In the midst of this boom, in 1829, the Shakers at Mount Lebanon’s North Family built a men’s workshop and family wash house, later known at the Brethren’s Workshop. The new workshop had a large over-shot waterwheel in its cellar that powered a variety of machinery. Despite the masculine name, probably thirty percent of the building was used originally by North Family sisters to wash, dry, and iron clothes. (Workshops for men and women in the same building were not uncommon, even though the Shakers were generally separated by gender.)

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Brick Shop (interior of seed shop), North Family, Mount Lebanon, NY, 1931, Historic American Buildings Survey, Charles C. Adams, photographer.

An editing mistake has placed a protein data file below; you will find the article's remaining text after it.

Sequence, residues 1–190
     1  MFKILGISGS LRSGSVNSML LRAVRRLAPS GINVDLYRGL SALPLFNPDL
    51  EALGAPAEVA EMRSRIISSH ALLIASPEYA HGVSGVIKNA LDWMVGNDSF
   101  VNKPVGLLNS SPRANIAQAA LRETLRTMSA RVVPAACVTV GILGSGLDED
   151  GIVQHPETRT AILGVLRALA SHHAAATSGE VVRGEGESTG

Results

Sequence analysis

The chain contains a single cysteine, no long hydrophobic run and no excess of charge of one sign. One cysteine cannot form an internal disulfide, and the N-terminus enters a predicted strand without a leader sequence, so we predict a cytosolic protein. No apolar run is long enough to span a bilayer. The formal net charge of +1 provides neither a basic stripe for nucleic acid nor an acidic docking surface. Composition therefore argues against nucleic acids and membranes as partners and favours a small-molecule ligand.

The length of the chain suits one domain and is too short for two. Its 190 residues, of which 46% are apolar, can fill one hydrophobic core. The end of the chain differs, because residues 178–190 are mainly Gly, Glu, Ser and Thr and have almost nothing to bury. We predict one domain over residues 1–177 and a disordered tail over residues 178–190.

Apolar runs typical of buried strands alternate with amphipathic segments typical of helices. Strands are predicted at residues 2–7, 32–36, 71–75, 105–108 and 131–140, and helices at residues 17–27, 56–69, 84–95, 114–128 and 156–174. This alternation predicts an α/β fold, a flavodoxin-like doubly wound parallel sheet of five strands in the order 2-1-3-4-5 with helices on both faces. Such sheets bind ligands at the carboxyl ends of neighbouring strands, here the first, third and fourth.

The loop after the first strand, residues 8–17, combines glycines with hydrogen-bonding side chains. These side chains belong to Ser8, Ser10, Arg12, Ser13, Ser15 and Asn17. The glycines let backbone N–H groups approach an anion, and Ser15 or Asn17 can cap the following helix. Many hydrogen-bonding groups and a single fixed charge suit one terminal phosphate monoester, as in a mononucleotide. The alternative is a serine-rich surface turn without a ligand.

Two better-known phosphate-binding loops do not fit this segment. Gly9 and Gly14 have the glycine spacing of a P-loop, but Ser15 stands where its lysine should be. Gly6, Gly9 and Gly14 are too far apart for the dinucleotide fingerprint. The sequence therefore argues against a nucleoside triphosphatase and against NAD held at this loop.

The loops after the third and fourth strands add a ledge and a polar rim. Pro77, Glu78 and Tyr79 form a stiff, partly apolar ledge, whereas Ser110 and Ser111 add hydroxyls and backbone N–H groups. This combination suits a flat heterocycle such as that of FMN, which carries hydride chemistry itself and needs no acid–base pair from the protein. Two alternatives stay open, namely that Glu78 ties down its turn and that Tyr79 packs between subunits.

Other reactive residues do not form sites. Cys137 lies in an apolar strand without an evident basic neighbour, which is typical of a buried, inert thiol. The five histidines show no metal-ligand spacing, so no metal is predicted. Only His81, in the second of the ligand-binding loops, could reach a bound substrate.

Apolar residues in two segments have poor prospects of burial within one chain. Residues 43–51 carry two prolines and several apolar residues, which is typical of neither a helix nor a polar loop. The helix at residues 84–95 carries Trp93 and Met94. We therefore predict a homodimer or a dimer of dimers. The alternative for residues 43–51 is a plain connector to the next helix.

The Brethren’s Workshop has three stories, with a basement and a sub-basement and a substantial attic. The building functioned on all six floors, with nearly 17,000 square feet of usable space. The lower cellar housed the bottom of the wheel pit for the two-story water wheel, a cistern for water collected for laundry, and probably some equipment for washing, dying, bleaching, and soap making. The upper cellar housed the main power shaft for the waterwheel and connected through line-shafts and pulleys to heavier woodworking machinery, as well as the wash room for the laundry. The first floor was apparently used for smaller water-powered machinery for men’s work and the ironing room for the sisters. Much of the second floor was occupied by the North Family’s seed shop (pictured above) where they dried, cleaned, sorted, stored, and put up garden seeds into envelopes and wooden boxes for distribution by the family’s peddlers. The third floor held a shoe shop and probably workshops for the family elders and a variety of other industries: hat making, printing, tailoring, and whip making. The attic provided space for drying clothes in rainy and winter weather and probably for drying garden seeds. The Brethren’s Workshop was fitted with an elevator, or more accurately a dumb waiter since it did not transport people. The counterbalanced lift could bring wet clothes from the wash room to the attic for drying and back down to the ironing room when needed. There was no access to the lift from the floors associated with men’s work so apparently was primarily for the use of the sisters.